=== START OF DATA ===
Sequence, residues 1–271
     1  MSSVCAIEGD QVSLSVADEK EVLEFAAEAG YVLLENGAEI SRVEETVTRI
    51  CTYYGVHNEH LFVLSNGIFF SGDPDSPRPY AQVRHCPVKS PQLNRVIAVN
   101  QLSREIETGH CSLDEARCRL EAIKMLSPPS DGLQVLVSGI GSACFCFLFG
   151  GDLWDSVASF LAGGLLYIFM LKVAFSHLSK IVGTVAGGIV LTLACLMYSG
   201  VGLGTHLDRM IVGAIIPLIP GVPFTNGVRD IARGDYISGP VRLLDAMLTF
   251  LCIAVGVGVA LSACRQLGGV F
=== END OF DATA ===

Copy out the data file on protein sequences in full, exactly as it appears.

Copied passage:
Sequence, residues 1–271
     1  MSSVCAIEGD QVSLSVADEK EVLEFAAEAG YVLLENGAEI SRVEETVTRI
    51  CTYYGVHNEH LFVLSNGIFF SGDPDSPRPY AQVRHCPVKS PQLNRVIAVN
   101  QLSREIETGH CSLDEARCRL EAIKMLSPPS DGLQVLVSGI GSACFCFLFG
   151  GDLWDSVASF LAGGLLYIFM LKVAFSHLSK IVGTVAGGIV LTLACLMYSG
   201  VGLGTHLDRM IVGAIIPLIP GVPFTNGVRD IARGDYISGP VRLLDAMLTF
   251  LCIAVGVGVA LSACRQLGGV F